On the second day of recording Prince of Truth, Carla Bozulich, the singer and leader of Evangelista, fell seriously ill. After recovering, Bozulich reexamined and dissected the recording sessions, eventually calling in even more contributors like guitar deity Nels Cline and percussionist Ches Smith (Xiu Xiu, Mr. Bungle). Listening to the album, one might guess something like this had happened, as the fragility of the “loud” moments and the intensity of the “quiet” ones seem to reflect the emotional and conceptual subtexts in the recording. And it all makes for one compelling listen.
Listening to Prince of Truth is like looking at a fossil of a large prehistoric animal: you’re staring something in the face that is long gone. For an album of personal ballads that were probably originally written with guitar and a piece of paper, the end result is staggeringly cut, processed, and digitally edited. And indeed, modern musicians and listeners will be savvy to the album’s fragmented production tricks – melodic lines moved digitally to impossible locations, vocals and guitars seemingly processed by extra-terrestrials. Even the tenderest parts of the album, like the lingering sonic mist of “Tremble Dragonfly,” sound ineffably like a remnant of something much different.
This feeling of temporal displacement contrasts fascinatingly with Bozulich’s fierce, immediate, but still enigmatic poetry. The multiple interpretations of just the song title “I Lay There In Front Of Me Covered in Ice” are indicative of the disparities that Bozulich works with on the track. The lyrics here, unabashedly about contemplating suicide, chill one’s spine as they spin over a slow organ ballad. In fact, the most interesting tracks on the album are similar in approach, taking an intense subject and rotating it over musical signifiers that are tastefully incongruous with the words.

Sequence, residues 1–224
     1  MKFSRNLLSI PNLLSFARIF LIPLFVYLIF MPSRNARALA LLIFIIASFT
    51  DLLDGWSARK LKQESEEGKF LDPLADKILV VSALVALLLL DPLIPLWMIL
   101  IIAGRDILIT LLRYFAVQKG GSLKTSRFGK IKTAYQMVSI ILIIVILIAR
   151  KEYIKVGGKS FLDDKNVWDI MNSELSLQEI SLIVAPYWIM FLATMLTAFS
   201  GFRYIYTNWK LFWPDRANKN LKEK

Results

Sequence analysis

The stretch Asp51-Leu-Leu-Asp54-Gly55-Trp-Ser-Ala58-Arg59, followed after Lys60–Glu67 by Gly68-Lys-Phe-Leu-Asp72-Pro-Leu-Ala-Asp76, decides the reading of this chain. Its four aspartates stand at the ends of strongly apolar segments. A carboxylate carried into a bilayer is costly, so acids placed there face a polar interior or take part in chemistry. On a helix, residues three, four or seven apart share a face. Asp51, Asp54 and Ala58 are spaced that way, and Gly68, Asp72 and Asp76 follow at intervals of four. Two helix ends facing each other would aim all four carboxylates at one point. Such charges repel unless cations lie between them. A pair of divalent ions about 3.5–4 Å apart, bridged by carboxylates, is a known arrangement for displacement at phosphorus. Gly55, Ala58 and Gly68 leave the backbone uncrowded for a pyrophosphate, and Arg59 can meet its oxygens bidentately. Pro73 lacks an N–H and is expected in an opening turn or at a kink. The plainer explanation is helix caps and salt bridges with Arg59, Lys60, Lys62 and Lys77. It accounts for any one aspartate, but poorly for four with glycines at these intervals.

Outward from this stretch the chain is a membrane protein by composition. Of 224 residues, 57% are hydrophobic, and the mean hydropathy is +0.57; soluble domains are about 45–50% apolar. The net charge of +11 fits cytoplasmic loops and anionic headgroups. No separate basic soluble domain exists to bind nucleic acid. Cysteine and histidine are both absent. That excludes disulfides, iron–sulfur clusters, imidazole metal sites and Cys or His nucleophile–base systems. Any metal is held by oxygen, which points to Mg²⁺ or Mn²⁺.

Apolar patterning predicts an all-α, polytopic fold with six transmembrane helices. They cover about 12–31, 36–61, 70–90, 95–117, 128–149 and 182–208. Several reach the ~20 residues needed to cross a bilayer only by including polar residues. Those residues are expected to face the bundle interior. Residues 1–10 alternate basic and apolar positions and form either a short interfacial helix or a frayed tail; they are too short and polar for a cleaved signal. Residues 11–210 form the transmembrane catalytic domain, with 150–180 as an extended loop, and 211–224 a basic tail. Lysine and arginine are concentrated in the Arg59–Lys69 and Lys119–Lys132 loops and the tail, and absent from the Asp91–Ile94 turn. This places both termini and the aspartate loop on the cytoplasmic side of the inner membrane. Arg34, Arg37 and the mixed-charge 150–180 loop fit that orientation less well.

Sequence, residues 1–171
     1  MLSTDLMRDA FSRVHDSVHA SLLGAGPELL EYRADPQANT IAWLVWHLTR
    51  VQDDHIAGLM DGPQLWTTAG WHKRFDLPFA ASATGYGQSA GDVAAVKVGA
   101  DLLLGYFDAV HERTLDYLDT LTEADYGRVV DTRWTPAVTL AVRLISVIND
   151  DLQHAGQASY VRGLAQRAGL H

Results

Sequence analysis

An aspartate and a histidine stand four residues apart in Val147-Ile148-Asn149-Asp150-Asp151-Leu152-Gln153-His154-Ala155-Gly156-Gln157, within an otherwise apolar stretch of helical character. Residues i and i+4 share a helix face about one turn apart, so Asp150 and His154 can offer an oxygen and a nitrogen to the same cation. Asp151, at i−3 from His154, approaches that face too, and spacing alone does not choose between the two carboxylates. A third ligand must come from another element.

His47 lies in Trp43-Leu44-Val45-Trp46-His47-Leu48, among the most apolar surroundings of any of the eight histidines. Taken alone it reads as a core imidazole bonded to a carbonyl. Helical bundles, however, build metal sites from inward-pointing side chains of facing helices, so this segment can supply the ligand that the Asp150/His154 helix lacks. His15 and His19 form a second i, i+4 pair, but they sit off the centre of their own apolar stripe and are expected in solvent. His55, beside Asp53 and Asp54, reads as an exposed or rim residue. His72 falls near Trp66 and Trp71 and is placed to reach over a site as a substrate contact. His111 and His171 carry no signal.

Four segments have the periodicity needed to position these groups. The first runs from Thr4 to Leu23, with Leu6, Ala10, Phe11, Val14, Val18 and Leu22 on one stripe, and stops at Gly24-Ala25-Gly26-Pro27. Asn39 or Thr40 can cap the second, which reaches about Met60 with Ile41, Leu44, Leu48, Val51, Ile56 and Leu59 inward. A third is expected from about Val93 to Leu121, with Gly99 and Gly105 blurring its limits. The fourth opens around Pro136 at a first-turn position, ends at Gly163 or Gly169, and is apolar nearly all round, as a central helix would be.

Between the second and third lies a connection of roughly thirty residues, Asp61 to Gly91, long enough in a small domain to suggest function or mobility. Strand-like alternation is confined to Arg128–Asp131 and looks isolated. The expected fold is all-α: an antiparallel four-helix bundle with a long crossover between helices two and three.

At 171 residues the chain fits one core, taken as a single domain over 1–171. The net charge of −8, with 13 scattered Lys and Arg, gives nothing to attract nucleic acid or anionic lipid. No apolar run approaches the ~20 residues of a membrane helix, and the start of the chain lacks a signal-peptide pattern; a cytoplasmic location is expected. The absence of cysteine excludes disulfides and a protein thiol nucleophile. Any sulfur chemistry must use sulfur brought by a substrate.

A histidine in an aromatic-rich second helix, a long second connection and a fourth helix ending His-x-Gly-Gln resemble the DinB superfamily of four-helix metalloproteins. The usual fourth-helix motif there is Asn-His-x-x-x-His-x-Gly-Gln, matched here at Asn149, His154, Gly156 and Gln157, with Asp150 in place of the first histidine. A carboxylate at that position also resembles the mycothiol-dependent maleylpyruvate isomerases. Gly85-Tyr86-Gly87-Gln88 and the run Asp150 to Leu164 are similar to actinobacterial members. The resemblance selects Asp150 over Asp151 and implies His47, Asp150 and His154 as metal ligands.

This lyrical and stylistic disparity reaches a climax on “You Are A Jaguar,” the album's most abrasive track. As Bozulich alternately yells and whispers “You and all are our friends are here/ And those that aren’t are very near/ Speed of light/ Rest your head/ Black hair/ Red bed,” it’s not hard to read this as a description of making the record in tandem with overcoming her serious throat illness, fitting for a record that resolves sound and music’s power over death. Mixed in with this master trope are brilliantly imaginative and musically aware sound objects. The strings on “Tremble Dragon Fly” and “Iris Didn’t Spell” vacillate between sounding like amorphous textural wallpaper and like actual “strings,” while the opening shaker of “Crack Teeth” nods to the phasing minimalism of Terry Riley or Steve Reich.
Clearly, Prince of Truth will not appeal to those who make clear distinctions between music and noise -- it's a challenging album, both in form and content. But if you sit tight and accept the album as a conflicted and meticulous collection of songs, you'll see Prince of Truth for what it is: a hugely current, almost perfectly flawed record.
1. The Slayer
2. Tremble Dragonfly
3. I Lay There in Front of Me Covered in Icein ice
4. You Are a Jaguar
5. Iris Didn't Spell
6. Crack Teeth
7. On the Captain's Side